The Estill Potential

By Ron Long

Have you ever been to Edmonton? Although it’s the capital of Alberta, Canada, with a population of approximately a million people, you might not have heard of it. Sometimes it takes a while for courses like Estill Voice Training to get here, but it arrived 5 years ago.

Ron Long Introductory Workshop

I met Judith Dunlore, one of our wonderful Estill Mentor and Course Instructors at a course she was giving in California and invited her to bring Estill Voice Training to our city. Since then, there has been steady interest in EVT here in Edmonton. Now that I am an Estill Master Teacher, I regularly do Intro and Belting Workshops and even workshops for the local teachers’ convention. As one of only two EMTs in western Canada, I’m happy that I get to be an ambassador for EVT.

North American Teachers of Singing

Recently, I gave an Intro Workshop through our local NATS Chapter and it was one of the most attended events in their history! It was mainly attended by non-NATS member teachers, which was exciting for the chapter but also – I believe – for Estill Voice Training.

I started off the workshop by asking what each participant wanted to know about the voice and why they were attending. Many of the attendees were interested in teaching more contemporary styles of singing and how they could begin to teach those techniques. For myself, this is what brought me to EVT as well and this is what I am most grateful for from my Estill Voice Training: it has given me the tools to expand my knowledge of my instrument.

Ron Long Introductory WorkshopI grew up studying what Estill Voice Training would call a fairly standard opera recipe of singing but that training left me with many questions. When I came to EVT, I was exploring my tenor range but was not being completely successful at it. Sometimes I could sing a B flat…but not always. High C was just out of the question!

Thankfully, Estill gave me a map. Through all the combinations, I could start to explore all the amazing sounds my voice could make. I started questioning everything I was ever taught about the voice and my own understanding of how it all worked. Suddenly, I could read an article or watch a YouTube video and translate it into the Estill anatomical model. I could read a book on singing technique or take lessons and continue learning from that lesson for weeks afterward. Estill Voice Training has given me the ability to understand what is being taught and why.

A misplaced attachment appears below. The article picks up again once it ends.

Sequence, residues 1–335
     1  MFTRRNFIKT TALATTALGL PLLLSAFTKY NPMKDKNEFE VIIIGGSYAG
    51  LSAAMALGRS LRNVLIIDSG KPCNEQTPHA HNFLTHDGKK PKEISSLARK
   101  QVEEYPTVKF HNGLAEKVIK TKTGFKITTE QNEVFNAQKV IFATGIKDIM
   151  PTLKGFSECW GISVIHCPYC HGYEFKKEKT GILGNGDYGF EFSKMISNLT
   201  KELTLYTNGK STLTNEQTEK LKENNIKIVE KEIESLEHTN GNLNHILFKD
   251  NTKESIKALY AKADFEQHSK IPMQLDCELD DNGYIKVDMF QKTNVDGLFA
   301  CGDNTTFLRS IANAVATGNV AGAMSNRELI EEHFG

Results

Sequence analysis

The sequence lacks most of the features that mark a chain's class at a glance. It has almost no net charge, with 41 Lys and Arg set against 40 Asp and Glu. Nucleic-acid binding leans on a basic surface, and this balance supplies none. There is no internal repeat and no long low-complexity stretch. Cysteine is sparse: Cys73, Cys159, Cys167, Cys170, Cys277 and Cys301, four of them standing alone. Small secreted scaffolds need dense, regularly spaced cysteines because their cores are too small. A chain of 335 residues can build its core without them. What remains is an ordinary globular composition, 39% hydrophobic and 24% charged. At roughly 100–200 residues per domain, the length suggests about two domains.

Meeting Needs

This brings me to what has been most wonderful about my Estill training. It has allowed me to share with my students and workshop participants a knowledge that has been sorely lacking here in northern Canada. I know there is a need due to the number of teachers who want to learn about belting and alternative ways to singing beyond classical methods.

It’s not the teachers who are driving this progression, however. It is the singers themselves. More and more singers are looking for lessons on how to belt. “What is a mix belt? How can I sound like the singers I hear on the radio or that Broadway soundtrack?” Because of the internet and social media, the world is a smaller place. Edmonton is no longer so disconnected from larger centres like London and New York. Young singers know that there are answers out there for their burning questions on singing so it is wonderful to be able to tap into these Estill resources for my local community.

Seeing the Estill Potential in these students eyes as they learn and grow has been very satisfying for me as an educator. As is helping people to question what they have learned so that they can better understand their voice anatomy and what it can do. By the end of the workshops, participants have left with a better understanding and hopefully a taste for more.

About the Author

Ron Long, MM, is an Edmonton-based voice teacher, performer, and the first Estill Master Trainer in Alberta. He is a member of the Canadian Actors’ Equity Association and has performed with Edmonton Opera. He presents workshops and adjudicates music festivals in western Canada. He teaches from his home and at MacEwan’s Conservatory of Music.

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